I c. Cym Section Himantophyllum
This section, created in 1924, is related to the section Cymbidium and contains a single distinctive species.
This is a beautiful species with elegant white and wine red flowers, | which are shown on a pendulous inflorescence from a plant which has also graceful foliage.
John Day of Tottenham, London, was the first person to flower this species in Europe, in 1869, after importing it from Assam India in 1865.
It is a medium sized epiphyte, although Valmayor states it is a terrestrial in the Philippines. It has small 40 x 25 mm pseudobulbs. The 5 to 8 400 to 950 mm long leaves are somewhat thickened and coriaceous, dark green with a mid-vein below. The scape is 180 to 300 mm long, somewhat erect to horizontal, bearing 5 to 15 flowers, sometimes up to 20. The flowers are 40 to 50 mm across, usually not scented. The petals and sepals are white or cream with a central maroon stripe that does not reach the apex, or occasionally suffused wine-red with a deeper central stripe. The lip is white, strongly marked with maroon, with an orange or yellow spot at the base.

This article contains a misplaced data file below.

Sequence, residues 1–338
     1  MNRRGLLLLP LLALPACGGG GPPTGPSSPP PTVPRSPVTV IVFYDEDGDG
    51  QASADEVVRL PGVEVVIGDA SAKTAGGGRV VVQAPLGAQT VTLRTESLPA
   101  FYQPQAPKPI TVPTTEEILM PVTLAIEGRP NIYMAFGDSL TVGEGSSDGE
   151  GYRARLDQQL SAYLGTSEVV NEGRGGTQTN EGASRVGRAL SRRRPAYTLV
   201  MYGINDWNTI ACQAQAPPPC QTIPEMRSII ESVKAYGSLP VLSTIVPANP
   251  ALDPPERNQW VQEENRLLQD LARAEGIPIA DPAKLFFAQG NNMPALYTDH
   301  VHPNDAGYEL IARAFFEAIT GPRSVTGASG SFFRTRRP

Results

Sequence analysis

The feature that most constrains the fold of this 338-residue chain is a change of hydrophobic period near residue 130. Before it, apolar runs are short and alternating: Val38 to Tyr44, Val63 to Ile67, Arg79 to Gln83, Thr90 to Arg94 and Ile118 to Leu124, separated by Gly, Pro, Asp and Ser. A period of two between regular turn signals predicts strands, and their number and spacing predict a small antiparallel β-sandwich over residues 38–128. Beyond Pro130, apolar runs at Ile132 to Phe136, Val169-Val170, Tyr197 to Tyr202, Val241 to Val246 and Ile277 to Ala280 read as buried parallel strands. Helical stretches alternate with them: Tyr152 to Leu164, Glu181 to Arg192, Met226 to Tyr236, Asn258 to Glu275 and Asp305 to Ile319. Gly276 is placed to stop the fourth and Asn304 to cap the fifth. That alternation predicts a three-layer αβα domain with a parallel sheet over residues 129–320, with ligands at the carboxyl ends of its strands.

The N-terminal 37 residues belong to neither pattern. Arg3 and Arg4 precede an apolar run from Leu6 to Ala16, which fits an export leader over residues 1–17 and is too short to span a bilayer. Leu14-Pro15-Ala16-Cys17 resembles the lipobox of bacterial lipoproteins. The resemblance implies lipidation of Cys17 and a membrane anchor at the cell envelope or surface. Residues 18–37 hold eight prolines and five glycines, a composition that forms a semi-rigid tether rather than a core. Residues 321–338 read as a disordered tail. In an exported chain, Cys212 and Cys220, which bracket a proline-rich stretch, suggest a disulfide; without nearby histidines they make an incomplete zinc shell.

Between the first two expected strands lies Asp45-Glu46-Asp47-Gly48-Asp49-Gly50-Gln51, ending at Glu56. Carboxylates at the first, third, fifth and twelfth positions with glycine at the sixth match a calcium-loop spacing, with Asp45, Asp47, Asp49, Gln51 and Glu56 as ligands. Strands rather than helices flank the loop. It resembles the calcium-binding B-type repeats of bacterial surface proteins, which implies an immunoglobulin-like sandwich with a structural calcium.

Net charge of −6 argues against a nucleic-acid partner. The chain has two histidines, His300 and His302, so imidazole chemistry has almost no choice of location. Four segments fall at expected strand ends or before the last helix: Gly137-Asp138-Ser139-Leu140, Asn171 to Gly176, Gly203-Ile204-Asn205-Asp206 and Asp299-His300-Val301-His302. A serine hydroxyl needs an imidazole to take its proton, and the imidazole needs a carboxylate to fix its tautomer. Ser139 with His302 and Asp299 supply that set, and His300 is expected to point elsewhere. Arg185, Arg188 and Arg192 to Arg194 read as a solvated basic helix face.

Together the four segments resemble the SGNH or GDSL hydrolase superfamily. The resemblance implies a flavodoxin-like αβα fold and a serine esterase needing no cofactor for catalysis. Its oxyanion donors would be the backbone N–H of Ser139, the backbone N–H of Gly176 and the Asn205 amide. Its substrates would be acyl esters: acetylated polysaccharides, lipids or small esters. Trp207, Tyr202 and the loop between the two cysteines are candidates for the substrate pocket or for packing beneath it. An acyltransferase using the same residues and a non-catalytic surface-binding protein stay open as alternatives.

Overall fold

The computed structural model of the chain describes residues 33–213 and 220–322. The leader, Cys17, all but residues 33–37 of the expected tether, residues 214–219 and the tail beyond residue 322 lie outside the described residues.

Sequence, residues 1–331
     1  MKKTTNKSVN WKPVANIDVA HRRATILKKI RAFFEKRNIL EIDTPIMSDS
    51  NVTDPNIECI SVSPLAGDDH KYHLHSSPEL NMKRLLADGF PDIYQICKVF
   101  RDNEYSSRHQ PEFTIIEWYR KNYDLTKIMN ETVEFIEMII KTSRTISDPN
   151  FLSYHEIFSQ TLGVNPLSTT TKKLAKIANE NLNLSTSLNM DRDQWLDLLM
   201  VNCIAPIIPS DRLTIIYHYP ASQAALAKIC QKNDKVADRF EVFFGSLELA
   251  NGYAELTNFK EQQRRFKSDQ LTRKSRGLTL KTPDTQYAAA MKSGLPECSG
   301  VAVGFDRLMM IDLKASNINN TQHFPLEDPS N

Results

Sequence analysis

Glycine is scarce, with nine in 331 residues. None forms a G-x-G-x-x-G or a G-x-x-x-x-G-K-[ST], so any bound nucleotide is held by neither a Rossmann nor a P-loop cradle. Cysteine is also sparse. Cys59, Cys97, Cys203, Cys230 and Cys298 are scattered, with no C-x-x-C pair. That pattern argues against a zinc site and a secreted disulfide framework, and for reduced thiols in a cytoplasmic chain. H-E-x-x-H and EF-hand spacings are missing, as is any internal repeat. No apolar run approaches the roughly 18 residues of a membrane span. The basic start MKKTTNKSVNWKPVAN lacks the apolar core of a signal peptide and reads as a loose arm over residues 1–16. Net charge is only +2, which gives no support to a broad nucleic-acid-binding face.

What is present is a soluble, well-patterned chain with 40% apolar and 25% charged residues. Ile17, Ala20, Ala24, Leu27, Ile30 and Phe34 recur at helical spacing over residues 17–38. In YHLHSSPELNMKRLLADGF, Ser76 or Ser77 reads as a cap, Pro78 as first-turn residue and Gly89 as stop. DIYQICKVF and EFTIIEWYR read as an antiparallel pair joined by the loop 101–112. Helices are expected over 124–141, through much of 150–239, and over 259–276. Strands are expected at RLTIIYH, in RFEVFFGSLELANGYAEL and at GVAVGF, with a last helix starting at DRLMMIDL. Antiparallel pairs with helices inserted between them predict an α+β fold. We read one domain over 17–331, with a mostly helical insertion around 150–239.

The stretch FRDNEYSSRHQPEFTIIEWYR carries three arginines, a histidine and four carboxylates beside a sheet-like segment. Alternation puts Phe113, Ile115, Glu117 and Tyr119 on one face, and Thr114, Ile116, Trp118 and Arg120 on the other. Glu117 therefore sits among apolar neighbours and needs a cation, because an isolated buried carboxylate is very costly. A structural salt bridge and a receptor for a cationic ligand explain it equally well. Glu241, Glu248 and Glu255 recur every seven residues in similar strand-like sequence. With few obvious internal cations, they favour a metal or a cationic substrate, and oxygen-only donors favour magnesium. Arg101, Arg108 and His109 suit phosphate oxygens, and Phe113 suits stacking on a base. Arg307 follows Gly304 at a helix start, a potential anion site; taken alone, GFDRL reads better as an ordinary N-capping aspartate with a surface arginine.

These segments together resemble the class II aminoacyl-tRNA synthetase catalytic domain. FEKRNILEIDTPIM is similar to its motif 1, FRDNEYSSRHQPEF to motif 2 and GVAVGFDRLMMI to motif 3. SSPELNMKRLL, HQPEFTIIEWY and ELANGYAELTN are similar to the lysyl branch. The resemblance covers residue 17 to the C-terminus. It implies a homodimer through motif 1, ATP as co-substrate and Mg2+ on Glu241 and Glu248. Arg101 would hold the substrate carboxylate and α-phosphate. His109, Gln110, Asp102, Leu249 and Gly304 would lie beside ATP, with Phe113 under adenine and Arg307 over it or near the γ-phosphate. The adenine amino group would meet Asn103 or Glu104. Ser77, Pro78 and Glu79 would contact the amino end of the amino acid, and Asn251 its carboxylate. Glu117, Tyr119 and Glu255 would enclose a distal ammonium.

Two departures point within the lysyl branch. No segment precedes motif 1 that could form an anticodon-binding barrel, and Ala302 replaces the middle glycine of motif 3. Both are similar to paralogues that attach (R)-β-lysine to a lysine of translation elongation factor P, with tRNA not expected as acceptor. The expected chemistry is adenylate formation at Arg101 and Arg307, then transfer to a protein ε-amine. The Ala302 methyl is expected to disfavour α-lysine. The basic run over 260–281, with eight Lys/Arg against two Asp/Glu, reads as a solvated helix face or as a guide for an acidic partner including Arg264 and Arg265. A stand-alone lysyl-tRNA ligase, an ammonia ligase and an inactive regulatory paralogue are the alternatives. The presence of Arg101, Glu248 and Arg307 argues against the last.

This species is distributed from North India, China, Taiwan, Ryukyus, Japan, Philippines, Thailand, Cambodia, West Malaysia, Sumatra, and Sabah, growing 300 to 1800 metres above sea level. It prefers a brght position in evergreen forest, in hollows in trees and on fallen, rotting logs, often in damp, and rotting wood. It flowers in late summer to late autumn, and sporadically throughout the year in tropical latitudes. Out of season flowering is not uncommon under cultivation.